En el país de los chinos

Elated to see this published! En el país de los chinos is the result of a very long collective project. All chapters have been written by ALTER members after a meticulous process of collaborative thinking and writing under Xavier Ortells-Nicolau’s superb editorial guidance. We are all super proud of this publication!

We hope the book will show the richness that underlies the interactions between China and Spain–both at the empirical, theoretical, and methodological levels. Our final goal is that the book becomes a helpful tool for future researchers on these topics. So each chapter includes a specific section with potential research lines waiting to be explored.

And, bonus track: the Archivo China-España includes now a special itinerary with a selection of materials that supplement each chapters’s content.


Back home. It has been a very productive stay. Since I was a bit lost and was sensing a certain lack of direction in my reading and thinking, I decided to write a research proposal to myself. It was a very good exercise. Now I have 10,000 words with some questions and potential claims to be (hopefully) developed in the near future.

I will take a couple of weeks off. I feel a bit bad when I change the auto-response from “Thank you for your message. I am working intensively on two research projects. Unless your message needs an urgent response…” to “I am currently away from work until… I will reply to your message on…” But since vacation is important I still push myself to do it.

Useful and productive

Browsing through old issues of Chinese Literature Today. Ji Jin interviews Carlos Rojas:

Question: Your research places considerable emphasis on theoretical interpretation. Compared with previous research, what do you think are the advantages or disadvantages of this approach? How do you understand the relationship between theory and text?

Answer: Actually, I would contend that everyone approaches literature theoretically. Indeed, without some sort of theoretical framework, there could be no analysis. The key difference, accordingly, is not between literary scholars who use theory and those who don’t, but rather between those who attempt to explicitly reflect on the theories that they use, and those who focus instead on the analytical process itself. I don’t think that one must explicitly reflect on one’s theoretical assumptions in order to do useful literary scholarship, just as there are many historians, anthropologists, film scholars, and musicologists whose work is deeply informed by a set of theoretical assumptions but who don’t analyze those assumptions in their writings. On the other hand, I do think that—in many circumstances—an attention to theoretical concerns can be useful and productive. This kind of theoretical reflection can help reveal the unexamined assumptions that shape our analyses, and also help catalyze new approaches and methodologies.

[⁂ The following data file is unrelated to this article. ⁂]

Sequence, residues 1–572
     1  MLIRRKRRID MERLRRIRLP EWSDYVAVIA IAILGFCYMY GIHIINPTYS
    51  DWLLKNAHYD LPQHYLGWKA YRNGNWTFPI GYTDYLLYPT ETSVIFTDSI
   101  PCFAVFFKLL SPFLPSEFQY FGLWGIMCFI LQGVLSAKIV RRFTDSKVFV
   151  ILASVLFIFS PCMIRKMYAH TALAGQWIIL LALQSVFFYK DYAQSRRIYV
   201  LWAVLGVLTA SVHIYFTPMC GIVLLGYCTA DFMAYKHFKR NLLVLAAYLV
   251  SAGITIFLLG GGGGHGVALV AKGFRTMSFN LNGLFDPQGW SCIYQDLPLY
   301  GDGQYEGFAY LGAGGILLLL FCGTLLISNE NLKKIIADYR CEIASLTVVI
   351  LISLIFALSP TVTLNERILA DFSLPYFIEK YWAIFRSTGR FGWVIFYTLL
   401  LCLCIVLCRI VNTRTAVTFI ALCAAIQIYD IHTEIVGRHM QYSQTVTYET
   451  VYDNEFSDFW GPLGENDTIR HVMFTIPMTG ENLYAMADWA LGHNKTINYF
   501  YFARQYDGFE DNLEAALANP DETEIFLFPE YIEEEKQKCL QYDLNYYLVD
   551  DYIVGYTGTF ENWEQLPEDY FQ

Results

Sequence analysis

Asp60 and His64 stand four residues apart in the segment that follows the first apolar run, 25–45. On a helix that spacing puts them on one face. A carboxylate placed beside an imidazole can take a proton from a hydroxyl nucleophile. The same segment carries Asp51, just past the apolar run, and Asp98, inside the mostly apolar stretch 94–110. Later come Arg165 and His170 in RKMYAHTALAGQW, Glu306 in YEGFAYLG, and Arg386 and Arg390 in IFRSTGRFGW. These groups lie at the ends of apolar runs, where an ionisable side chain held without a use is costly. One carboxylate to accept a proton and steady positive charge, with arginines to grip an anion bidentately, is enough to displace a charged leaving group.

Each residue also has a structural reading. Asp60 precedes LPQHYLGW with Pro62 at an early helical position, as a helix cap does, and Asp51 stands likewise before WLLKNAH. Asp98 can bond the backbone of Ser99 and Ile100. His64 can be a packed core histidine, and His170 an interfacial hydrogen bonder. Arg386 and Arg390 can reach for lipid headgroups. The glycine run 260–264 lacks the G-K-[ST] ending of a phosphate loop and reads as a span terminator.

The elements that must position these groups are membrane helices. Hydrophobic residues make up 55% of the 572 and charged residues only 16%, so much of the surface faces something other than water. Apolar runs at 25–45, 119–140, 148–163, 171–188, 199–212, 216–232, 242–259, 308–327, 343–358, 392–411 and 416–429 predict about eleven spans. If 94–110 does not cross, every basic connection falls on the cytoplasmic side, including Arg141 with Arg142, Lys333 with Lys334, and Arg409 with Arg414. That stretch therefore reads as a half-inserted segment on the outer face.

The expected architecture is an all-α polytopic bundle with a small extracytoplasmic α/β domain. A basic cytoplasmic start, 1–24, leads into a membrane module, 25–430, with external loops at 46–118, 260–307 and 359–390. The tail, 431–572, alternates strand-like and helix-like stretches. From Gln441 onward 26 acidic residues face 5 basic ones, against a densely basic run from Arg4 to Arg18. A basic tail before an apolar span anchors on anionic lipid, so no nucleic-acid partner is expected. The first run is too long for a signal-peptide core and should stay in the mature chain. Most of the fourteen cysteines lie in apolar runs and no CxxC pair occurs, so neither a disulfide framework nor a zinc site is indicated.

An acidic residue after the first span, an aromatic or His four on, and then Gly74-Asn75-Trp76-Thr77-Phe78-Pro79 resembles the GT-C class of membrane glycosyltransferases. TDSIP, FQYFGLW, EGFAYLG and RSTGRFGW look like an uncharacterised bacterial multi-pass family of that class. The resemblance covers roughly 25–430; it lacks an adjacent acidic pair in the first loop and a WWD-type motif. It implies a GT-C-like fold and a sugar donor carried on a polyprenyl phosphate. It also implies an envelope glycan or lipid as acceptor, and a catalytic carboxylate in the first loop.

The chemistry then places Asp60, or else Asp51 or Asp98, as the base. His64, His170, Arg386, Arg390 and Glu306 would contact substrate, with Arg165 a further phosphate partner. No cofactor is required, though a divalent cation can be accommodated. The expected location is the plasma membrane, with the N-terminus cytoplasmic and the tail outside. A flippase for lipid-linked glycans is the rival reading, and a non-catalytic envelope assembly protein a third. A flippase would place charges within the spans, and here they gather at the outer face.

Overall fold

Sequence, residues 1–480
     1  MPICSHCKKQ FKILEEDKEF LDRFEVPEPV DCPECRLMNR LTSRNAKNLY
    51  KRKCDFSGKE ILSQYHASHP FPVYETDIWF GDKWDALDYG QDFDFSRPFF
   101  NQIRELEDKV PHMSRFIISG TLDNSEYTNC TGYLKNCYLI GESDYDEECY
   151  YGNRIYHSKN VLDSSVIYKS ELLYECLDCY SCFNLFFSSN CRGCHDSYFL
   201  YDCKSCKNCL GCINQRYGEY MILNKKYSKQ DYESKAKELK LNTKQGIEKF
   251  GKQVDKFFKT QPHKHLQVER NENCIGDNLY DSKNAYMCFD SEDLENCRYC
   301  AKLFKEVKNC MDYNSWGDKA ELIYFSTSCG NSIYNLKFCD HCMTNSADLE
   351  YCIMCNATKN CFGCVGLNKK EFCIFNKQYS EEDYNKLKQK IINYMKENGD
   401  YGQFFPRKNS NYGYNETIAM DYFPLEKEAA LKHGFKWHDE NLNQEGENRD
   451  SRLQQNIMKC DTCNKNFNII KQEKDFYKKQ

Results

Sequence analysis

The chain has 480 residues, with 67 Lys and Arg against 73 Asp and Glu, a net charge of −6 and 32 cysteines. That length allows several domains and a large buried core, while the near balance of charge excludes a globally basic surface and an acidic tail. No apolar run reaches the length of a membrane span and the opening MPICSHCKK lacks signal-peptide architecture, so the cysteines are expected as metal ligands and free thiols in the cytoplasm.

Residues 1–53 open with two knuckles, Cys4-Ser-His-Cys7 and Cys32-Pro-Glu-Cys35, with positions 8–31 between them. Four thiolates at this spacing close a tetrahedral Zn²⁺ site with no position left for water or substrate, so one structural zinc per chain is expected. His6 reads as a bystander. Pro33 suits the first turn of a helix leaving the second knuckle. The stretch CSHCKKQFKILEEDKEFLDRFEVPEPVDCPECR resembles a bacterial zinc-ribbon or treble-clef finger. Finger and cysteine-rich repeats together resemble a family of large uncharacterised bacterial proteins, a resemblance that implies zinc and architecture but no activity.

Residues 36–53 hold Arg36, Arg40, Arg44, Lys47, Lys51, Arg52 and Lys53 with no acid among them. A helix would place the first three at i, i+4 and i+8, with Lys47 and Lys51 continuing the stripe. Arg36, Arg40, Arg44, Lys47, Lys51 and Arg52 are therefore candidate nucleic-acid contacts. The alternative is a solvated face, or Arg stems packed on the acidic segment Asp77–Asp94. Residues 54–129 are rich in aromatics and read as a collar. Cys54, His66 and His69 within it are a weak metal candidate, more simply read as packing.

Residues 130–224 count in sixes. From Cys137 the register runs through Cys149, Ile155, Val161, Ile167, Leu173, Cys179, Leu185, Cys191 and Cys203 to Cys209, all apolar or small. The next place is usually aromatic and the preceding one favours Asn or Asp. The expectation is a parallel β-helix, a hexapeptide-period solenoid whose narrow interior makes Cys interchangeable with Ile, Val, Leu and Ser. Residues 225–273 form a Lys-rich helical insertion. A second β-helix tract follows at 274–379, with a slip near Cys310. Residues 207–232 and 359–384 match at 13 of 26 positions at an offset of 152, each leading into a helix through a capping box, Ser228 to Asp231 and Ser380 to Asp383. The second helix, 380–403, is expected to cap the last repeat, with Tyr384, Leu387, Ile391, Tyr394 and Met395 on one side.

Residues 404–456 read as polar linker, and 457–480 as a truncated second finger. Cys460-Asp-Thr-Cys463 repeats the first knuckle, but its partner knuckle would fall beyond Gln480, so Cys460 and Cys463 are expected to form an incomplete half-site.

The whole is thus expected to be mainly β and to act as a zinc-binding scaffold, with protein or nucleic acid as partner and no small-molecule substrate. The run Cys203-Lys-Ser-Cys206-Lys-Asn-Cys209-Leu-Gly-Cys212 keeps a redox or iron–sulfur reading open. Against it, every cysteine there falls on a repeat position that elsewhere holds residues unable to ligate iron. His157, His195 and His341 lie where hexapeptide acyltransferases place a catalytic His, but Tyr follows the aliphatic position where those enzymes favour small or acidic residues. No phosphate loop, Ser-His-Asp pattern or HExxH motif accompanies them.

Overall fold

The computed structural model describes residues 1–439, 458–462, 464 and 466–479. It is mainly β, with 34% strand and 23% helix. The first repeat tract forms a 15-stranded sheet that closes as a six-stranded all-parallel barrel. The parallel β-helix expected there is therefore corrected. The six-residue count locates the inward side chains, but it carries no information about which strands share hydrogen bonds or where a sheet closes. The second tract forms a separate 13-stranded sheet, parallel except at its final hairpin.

Reading widely, organizing disparate thoughts, drafting chunks of ideas. Relocating myself in my old field–a very strange feeling, as if I had been living on a different planet for more than a decade.

Things have changed. For instance, I now read Tang Xiaobing’s Visual Culture in Contemporary China. Then I go back to the review that Wendy Larson wrote of the book. I remember reading these lines in 2016:

Perhaps Tang’s anger, and his willingness to express it so pungently in an academic book, should make us wonder if we have overestimated the possibilities for true cross-cultural understanding. Perhaps the global imaginary of a seamless world that respects difference has failed to recognize that culture demands some degree of allegiance, and when confronted, the sense that one’s culture is “right” and that outsiders cannot possibly understand it is difficult to avoid. Perhaps our hopeful cosmopolitan vision has wantonly ignored the rootedness of human beings, their commitment to certain views of their lives in the world, and their desire to sustain their way of life, rejecting other narratives.

I remember that in 2016 I thought these lines were ironic, an exaggeration. Now, looking at the current state of things, I am not so sure.

Fast and Furious